An increasing number of businesses have realised that online conversations about their brand are more than data points and that social listening is a real human skill that can’t just be bolted onto a junior member of the team. However, as these businesses begin to invest in social listening tools and the view of “social” as a risky experiment fades, one question keeps recurring: Now that I have the data, what am I supposed to do with it?
Understanding the data and its potential to drive actionable insight is paramount. Here at Convosphere, we believe that social listening platforms are helpful and make us more efficient at what we do. But we also know that they are just the tools in the box and, like with any tool, you need skilled people to handle them and deliver the results. With this in mind, we have listed 4 reasons why the human touch is so important when performing effective social listening.
1. Conversations won’t always be in English
With nearly 3.5 billion of us already online – a number set to double over the next decade with mainly non-English speakers from Africa, Asia and South America joining the social space – it’s vital to understand the variations in language by location. Social listening tools won’t necessarily be able to differentiate between dialects or even pick up conversations happening in some languages.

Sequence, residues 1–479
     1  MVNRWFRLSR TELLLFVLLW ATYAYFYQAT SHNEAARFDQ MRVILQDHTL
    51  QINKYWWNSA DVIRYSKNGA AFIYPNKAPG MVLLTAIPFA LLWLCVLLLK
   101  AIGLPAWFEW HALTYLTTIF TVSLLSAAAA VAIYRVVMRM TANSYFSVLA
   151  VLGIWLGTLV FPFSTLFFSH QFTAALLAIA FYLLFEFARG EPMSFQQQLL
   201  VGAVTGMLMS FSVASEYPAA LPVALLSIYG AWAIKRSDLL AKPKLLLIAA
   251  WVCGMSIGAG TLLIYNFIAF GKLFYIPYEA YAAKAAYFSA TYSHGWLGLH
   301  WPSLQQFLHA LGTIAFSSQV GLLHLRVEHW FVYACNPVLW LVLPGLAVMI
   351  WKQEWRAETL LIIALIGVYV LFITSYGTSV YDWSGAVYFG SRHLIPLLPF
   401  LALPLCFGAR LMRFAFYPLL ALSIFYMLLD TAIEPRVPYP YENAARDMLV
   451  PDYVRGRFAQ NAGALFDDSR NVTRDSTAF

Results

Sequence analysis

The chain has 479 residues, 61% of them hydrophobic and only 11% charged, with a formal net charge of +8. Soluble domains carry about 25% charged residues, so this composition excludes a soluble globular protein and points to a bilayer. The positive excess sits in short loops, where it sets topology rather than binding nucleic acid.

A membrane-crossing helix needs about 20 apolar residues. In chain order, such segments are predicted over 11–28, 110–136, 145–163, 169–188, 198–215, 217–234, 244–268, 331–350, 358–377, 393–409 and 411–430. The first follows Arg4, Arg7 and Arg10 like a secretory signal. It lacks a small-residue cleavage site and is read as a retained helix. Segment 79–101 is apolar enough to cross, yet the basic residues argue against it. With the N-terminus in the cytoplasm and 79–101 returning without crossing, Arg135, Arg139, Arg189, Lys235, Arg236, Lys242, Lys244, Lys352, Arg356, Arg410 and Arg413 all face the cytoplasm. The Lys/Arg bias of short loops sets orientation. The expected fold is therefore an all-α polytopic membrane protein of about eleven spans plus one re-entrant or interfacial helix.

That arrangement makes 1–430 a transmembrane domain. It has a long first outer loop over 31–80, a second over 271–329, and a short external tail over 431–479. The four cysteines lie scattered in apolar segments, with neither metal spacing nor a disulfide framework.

2. Grasping a language is not enough – you also need to understand the context behind it
Most of us are aware that the language and the online channels people use to communicate differ from country to country. But have you taken into consideration different regions within countries? In Brazil alone, there are five different regions all with their own singularities. Words can have very different meanings, not only between regions but also from city to city. For example, the Portuguese word bolacha has five potential meanings, varying from cookie and cracker to face slap.
3. Conversations are moving away from words
The conversations of Generation Z have moved beyond words. As mobile continues to flourish, we have to improve our understanding of text-speak as well as new waves of communications, including emojis, images and symbols. While there are tools out there that capture visual insight, you still need the right kind of people to understand the nuance of the conversation in its cultural and geographical context.
4. How are they saying it online?
Conversations on niche online communities are not always easy to follow as an outsider. While social listening tools often struggle to pick up on tone, irony, idioms and channel/demographic specific jargons, social listeners will help you understand what is being said about your brand.
To put it simply, social listening tools aren’t like a slot machine. You may have the tech, but still require the people to do the work and deliver insights. What’s your experience? Please share your view on our Twitter page!